Watch your language – seven ways to avoid reputation-killing exaggeration

Originally posted by Chris Olsen at www.peakco.com

The foundation of successful communication is clear writing. If you want your message to get across and be taken seriously you need to be clear.

Some people believe that in order to gain attention, their story needs to be BIG and that leads to exaggeration.

One year at CTV Vancouver, we were major offenders ourselves. We had to ban the term “parent’s worst nightmare” because we used it so often on our newscasts. It had become lazy shorthand for almost every story involving a child. A child’s serious life threatening illness was a parent’s worst nightmare. A child being bullied was also a parent’s worst nightmare. So too were a murdered child, injured child, a missing child, even a close call involving a child. It was unnecessary hype which detracted from the news rather than enhancing it. Our news had become a parent’s worst nightmare.

You see this phenomenon in other storytelling. I had a chuckle recently when the price of oil rose by about three dollars overnight and business writers said it had “skyrocketed,”“soared,” or “surged” higher.

The writers might defend themselves by saying a seven per cent overnight move in oil prices, albeit temporary, is a big move, but in saying so it lacked context. It ignored the fall that preceded it. By having a narrow focus on just a few hours, the writers looked foolish to anyone with even a rudimentary knowledge of the oil market.

Imagine you are watching a movie where actor Jackie Chan jumps off a 107 foot tall building. I like Jackie Chan; he does all his own stunts and has the bruises to show for it. At the 45 foot mark Jackie hits an awning and bounces up about three feet. Would movie goers gasp and say “look at him skyrocket! Wow Jackie is soaring!”? I think not.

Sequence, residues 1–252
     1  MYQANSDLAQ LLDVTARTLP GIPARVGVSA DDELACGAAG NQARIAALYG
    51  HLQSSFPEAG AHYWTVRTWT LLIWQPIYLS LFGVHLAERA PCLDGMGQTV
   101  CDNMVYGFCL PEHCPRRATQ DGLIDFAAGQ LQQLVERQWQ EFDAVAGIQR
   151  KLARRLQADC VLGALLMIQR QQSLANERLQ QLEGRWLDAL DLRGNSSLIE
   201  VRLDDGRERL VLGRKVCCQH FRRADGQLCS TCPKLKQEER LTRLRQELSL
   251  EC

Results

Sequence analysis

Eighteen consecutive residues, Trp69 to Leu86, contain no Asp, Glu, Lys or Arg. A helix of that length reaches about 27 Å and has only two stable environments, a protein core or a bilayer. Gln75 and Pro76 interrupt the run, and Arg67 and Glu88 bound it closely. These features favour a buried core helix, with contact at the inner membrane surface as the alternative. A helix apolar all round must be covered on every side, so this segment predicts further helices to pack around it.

Oil had fallen from a high of $107 in the summer to about $45 before thisskyrocketing, soaring, surging move happened. That’s the proper context.

Here are seven ways to avoid similar news release exaggeration, that makes you and your company look silly:

  1. Never forget the context. Context is important and relates not only to you but also to your community and sector in which you operate. So for example, your “best year ever” may be true, but if your competitors have grown twice as fast as you, you might want to focus on something else—like innovation or new product development.
  2. Don’t be lazy; be creative. Clichés such as “parent’s worst nightmare” are a crutch. Don’t use what you used last time by default. Take the time to be creative and get it right.
  3. Be specific. If it’s your best year ever, what is the measure? Sales, sales growth, staff growth, profit, happy customers?
  4. The headline needs to match the story. The headline at the top of the news release needs to be supported by the words below. A critical error is using a jaw-dropping headline which isn’t supported by the facts. It causes media blood pressure to shoot up with excitement and they get let down by the content. A disappointed assignment editor will kill your future story opportunities.
  5. Stick to what you know and can prove. Facts are important. Media will want proof and if you can’t prove what you are saying then a positive event can turn negative in a hurry. Media are like sharks, when they smell blood in the water a feeding frenzy begins. Don’t believe me? Ask a media person. Feeding frenzy is a news media term not limited to the Nature Channel.
  6. Tell your best unique story. If everyone in your industry is telling the same story, highlight what makes your story unique. If you can’t think of anything fresh, neither will the media.
  7. Be flexible. If it’s a busy news day, your story is not getting on. It means your plans need to be flexible. If breaking news has made your story no longer relevant for that day, make yourself available tomorrow. Show you understand the needs of the media and it will pay off down the road. Don’t get mad that your story was bumped, even if the media cancelled an interview at the last second; get your story out there the next day instead.

One final thought. Every time you interact with the media you are making an impression, even when the media decides not to run your story. A good impression means you will get a fair hearing next time while a bad impression closes that door, sometimes forever.

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